CoCo Vandeweghe grants on-court interview during changeover

NEW YORK -- Coco Vandeweghe scored one of the biggest upsets of her career Monday at the US Open, and along the way also set a precedent that had locker rooms and press areas buzzing.

After she won the first set against No. 29 seed Sloane Stephens, she granted a brief on-court interview to ESPN commentator Pam Shriver during the ensuing changeover. Vandeweghe had been approached with the idea before the match, with the option to refuse at any point if she felt uncomfortable doing it.

"Pam explained it to me herself," Vandeweghe said, after she did interview -- and dispatched Stephens in two tightly played sets. "She would come out and ask me two questions. It would be in between sets. If I didn't want her out there, I could just wave her away at any point in time. I could say it two seconds before I walked out on the court. But I gave her the nod to go ahead -- and then it happened."

Did Vandeweghe find it weird?

"I don't remember a thing I said," Vandeweghe said. "Dead serious. I don't even remember what she asked."

Shriver asked Vandeweghe two questions: "What were you most happy with in the first set?" and "What do you need to do in the second set to close out the win?"

The conventional wisdom is that any distraction from the task at hand during a match is a threat to a player's focus. In theory, during a changeover a player is concentrating on maintaining focus, doing his or her utmost to block out everything else.

Vandeweghe was well aware of the theory as well as the threat. But she's a realist and was willing to take the risk.

"That was my original thought when I was first approached," she said, referring to the possibility she would lose concentration. "But there's lots of distractions that go on during a tennis match. At the same time, we have on-court coaching during WTA events. You could also lose focus in that way because you're speaking to someone. If you aren't able to put those distractions aside, then you need to kind of definitely work on that aspect of your game."

So Vandeweghe took the plunge. She talked. She conquered. A short while later, she couldn't even remember what she'd said. How's that for multitasking -- for some kind of concentration?

The news of Vandeweghe's bold caper spread like wildfire.

Asked if she would ever do something similar, Serena Williams said, "Being a vintage player from Lord knows what decade -- and I'm old-school, so I don't know if I can say that's something I would do, per se -- but I found it quite interesting."

Caroline Wozniacki voiced her surprise on Twitter.

Men's top seed Novak Djokovic, who won his first-round match 6-1, 6-1, 6-1, said: "I think it's interesting. If [Vandeweghe] didn't mind -- and I see that she didn't, because she won the match -- it just depends from player to player."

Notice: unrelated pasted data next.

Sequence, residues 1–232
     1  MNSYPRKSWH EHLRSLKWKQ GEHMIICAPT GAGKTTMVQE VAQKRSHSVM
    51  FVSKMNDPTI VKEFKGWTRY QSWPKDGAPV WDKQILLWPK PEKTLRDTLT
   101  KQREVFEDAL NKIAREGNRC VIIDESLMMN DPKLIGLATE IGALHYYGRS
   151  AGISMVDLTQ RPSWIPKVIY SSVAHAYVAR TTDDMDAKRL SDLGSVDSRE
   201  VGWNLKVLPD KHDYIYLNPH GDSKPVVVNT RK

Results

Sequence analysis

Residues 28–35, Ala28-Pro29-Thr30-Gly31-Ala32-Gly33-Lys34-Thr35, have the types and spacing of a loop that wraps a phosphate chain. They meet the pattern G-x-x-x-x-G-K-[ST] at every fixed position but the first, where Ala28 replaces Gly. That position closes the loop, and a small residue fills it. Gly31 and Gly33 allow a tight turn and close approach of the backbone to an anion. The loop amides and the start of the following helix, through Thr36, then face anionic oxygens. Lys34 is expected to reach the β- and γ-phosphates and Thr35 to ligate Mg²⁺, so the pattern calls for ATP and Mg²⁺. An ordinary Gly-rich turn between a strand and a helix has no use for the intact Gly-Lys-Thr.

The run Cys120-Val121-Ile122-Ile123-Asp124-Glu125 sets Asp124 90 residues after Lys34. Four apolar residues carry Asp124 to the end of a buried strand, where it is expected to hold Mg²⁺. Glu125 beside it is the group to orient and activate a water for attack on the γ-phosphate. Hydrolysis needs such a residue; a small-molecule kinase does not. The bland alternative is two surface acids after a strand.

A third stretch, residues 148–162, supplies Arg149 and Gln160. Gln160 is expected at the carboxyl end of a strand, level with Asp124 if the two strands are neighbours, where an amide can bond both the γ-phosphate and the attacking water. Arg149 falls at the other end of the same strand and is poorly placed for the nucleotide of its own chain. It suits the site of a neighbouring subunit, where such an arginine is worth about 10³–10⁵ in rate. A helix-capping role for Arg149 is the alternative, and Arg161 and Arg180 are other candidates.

Djokovic saw the action as the kind of "media interaction" that has become fairly commonplace in other sports.

"I don't know how much it can really work in tennis," he said, "But I think the impression of this first interview has been made. Most players in the locker room are talking about it. It's going to be interesting to see if somebody is going to follow-up and accept to do the same. I will not, definitely, at this tournament. But who knows? Who knows what's in the future?"

More of the same, perhaps.

"Working with the USTA and the players, we believe on-court, mid-match interviews add texture to the presentation and insights for viewers," said Jamie Reynolds, Vice President, Production, for ESPN. "We've received positive feedback within the sport, and look forward to continuing with them these two weeks. It's one more avenue in which we seek to bring fans closer to the athletes."

"That's kind of the integrity of tennis when you think about it. It's just you on the court. It's not a reporter. It's not a coach. It's just you in that moment. I kind of love that. It's the only sport where you have that."
Serena Williams

"Maybe that's the future of tennis, the future of where it's going," Williams said. "You know, hopefully they don't make that mandatory. So we'll see."

Williams added that while she thinks it's "great for some viewers" to get into the minds of the athletes, during a match she's focused on her play.

"I don't necessarily want to answer questions about anything. I just want to be in that moment," Williams said.

"That's kind of the integrity of tennis when you think about it. It's just you on the court. It's not a reporter. It's not a coach. It's just you in that moment. I kind of love that. It's the only sport where you have that."

Even Vandeweghe professes not to know what might happen next time she is broached -- if there is a next time.

"When I was just in the moment [today] it felt right, so I did it," she said. "Maybe another time I'll be not feeling it as much, and I'll tell Pam to go sit back down, which might be equally as fun."